Environmental

  • December 15, 2017

    Brothers Will See Jail Time Over Turtle Trafficking

    Two brothers who admitted to trafficking alligator snapping turtles can’t escape without a bite, a Texas federal judge held Friday, ordering them to serve 21 months and 16 months in prison, respectively, for illegally taking and selling members of the threatened species.

  • December 15, 2017

    Texas Justices Keep Noble On The Hook For $63M Indemnity

    The Texas Supreme Court on Friday declined to revisit its decision that Noble Energy Inc. has to indemnify ConocoPhillips in connection with $63 million in environmental cleanup costs despite arguments that Noble’s predecessor wasn’t properly told about the indemnity agreement.

  • December 15, 2017

    Pearson Simon, Burns Charest To Lead German Auto MDL

    A California federal judge on Thursday picked attorneys from Pearson Simon & Warshaw LLP and Burns Charest LLP as co-lead counsel for plaintiffs in multidistrict litigation accusing Audi, BMW, Volkswagen and other German automakers of a decadeslong antitrust conspiracy covering car technology, costs, suppliers and emissions equipment.

  • December 15, 2017

    AGs Oppose EPA, Corps Proposal To Delay Clean Water Rule

    Attorneys general from states including New York, California and Massachusetts have told the U.S. Environmental Protection Agency and U.S. Army Corps of Engineers that they “strongly oppose” the proposed postponement of an Obama-era rule defining the federal government’s jurisdiction under the Clean Water Act.

  • December 15, 2017

    Toss Of Duke Energy Investor Suit Upheld By Del. Justices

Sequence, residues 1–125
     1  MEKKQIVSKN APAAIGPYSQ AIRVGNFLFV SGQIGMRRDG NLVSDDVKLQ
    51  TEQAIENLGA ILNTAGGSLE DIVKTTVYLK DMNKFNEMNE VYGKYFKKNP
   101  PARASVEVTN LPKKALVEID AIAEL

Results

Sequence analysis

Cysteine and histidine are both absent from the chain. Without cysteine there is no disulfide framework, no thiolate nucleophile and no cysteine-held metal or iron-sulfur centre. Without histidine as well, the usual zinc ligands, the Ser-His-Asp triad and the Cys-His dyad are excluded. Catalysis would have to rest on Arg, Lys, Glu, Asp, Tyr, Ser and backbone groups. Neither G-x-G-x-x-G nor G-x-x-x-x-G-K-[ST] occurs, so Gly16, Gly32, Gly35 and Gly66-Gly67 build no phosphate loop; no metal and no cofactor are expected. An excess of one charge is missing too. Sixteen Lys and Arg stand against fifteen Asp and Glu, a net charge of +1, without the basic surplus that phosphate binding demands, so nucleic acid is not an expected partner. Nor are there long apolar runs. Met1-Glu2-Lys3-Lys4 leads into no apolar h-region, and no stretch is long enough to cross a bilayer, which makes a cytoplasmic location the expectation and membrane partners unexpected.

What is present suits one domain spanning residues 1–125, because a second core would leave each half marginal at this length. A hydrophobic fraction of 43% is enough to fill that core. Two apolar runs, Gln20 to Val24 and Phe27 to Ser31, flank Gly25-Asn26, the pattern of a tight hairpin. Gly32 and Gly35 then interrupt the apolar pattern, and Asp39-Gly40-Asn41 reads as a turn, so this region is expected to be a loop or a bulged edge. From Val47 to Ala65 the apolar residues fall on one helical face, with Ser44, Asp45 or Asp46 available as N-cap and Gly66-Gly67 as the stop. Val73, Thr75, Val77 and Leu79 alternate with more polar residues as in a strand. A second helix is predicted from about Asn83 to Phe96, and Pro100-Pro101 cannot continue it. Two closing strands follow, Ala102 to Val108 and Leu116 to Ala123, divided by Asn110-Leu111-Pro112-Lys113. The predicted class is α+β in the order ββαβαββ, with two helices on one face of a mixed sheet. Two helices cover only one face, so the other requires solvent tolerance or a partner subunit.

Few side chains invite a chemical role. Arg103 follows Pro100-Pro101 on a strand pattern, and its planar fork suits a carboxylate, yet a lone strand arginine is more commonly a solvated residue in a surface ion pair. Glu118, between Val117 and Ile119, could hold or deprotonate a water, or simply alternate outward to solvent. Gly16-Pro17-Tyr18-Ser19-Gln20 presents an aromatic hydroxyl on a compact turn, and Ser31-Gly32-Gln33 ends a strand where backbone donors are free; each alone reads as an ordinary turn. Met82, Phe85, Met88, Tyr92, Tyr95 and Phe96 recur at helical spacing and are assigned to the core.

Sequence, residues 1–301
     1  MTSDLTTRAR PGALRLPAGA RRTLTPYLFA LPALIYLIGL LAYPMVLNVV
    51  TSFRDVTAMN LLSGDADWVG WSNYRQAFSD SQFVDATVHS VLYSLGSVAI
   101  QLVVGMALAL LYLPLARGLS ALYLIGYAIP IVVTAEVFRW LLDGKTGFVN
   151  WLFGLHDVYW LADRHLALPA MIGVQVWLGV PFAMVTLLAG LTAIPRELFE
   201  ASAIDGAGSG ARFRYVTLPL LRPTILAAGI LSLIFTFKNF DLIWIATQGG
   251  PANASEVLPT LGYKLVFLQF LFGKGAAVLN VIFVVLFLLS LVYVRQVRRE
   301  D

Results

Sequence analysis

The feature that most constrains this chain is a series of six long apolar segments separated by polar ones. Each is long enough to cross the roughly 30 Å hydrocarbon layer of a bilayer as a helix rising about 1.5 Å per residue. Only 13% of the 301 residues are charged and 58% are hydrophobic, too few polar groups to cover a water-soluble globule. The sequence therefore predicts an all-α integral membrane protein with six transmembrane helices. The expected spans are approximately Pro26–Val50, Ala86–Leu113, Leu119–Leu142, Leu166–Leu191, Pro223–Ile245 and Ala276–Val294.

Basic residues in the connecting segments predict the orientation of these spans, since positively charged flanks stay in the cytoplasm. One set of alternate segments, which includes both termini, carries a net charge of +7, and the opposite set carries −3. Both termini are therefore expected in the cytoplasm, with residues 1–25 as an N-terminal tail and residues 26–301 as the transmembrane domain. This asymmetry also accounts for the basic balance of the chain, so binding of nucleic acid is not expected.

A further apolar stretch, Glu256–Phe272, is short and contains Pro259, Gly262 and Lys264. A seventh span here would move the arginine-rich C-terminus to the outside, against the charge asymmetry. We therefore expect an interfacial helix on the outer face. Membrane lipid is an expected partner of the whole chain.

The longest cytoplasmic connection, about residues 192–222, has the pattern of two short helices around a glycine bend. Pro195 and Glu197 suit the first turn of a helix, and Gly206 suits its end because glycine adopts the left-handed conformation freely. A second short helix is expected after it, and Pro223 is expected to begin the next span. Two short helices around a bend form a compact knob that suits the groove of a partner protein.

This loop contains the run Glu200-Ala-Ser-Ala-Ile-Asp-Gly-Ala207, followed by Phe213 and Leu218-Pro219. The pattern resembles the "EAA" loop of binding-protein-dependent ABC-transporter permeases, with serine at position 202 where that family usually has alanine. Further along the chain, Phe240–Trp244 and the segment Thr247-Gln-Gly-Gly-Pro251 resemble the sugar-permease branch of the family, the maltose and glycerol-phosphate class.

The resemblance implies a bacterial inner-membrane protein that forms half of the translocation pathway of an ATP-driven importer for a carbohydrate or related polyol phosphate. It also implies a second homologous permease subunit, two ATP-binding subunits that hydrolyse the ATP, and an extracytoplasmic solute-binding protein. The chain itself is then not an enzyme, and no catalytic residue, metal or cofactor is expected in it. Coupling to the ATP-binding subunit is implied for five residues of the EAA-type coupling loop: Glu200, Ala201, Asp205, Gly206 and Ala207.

The Delaware Supreme Court affirmed the dismissal of an investor breach of duty suit against the directors of Duke Energy on Friday, saying in a 4-1 split opinion that the Court of Chancery was correct in tossing the suit because the plaintiffs hadn't shown that a litigation demand on the board was futile.

  • December 15, 2017

    The Biggest Environmental Rulings Of 2017

    Courts answered several important environmental law questions in 2017, including how the U.S. Environmental Protection Agency may regulate recycling and hydrofluorocarbons, and how the effects of greenhouse gases must be factored into project analyses. Here are the biggest rulings in environmental cases from 2017.

  • December 15, 2017

    EPA Stalling On Good Neighbor Enforcement, Delaware Says

    Delaware on Thursday said that the U.S. Environmental Protection Agency's bid to nix a suit claiming it failed to act on petitions seeking to force it to curb pollution seeping across Delaware's border from power plants in neighboring states is merely another unlawful delay tactic.

  • December 15, 2017

    Let Fishing Rights Ruling Stand, Wash. Tribes Tell 9th Circ.

    The Quileute Indian Tribe and Quinault Indian Nation told the Ninth Circuit on Wednesday that it shouldn’t rethink a panel decision backing a lower court’s finding that the federal government gave them the right to hunt whales and seals when it granted both the “right of taking fish” in a treaty signed in 1855. 

  • December 15, 2017

    MVP: Bracewell's Kevin Ewing

    In the last year, Bracewell LLP's Kevin Ewing has advised Statoil on its winning bid for a highly competitive federal wind lease and secured a ruling that clarifies the scope of the Outer Continental Shelf Lands Act, landing him among Law360's 2017 Environmental MVPs.

  • December 15, 2017

    The Biggest Pennsylvania Court Decisions In 2017

    The Pennsylvania judiciary logged another busy year in 2017 as members of both the appellate and trial benches handled major cases, including a wholesale reshaping of environmental law in the state and a string of eye-popping verdicts in pharmaceutical product liability cases.

  • December 15, 2017

    House-Senate Negotiators Approve GOP Tax Bill

    Republicans on Friday signed off on changes to their $1.5 trillion tax cut bill to settle differences between the House and Senate versions of the legislation, even as details of the final bill remain largely hidden.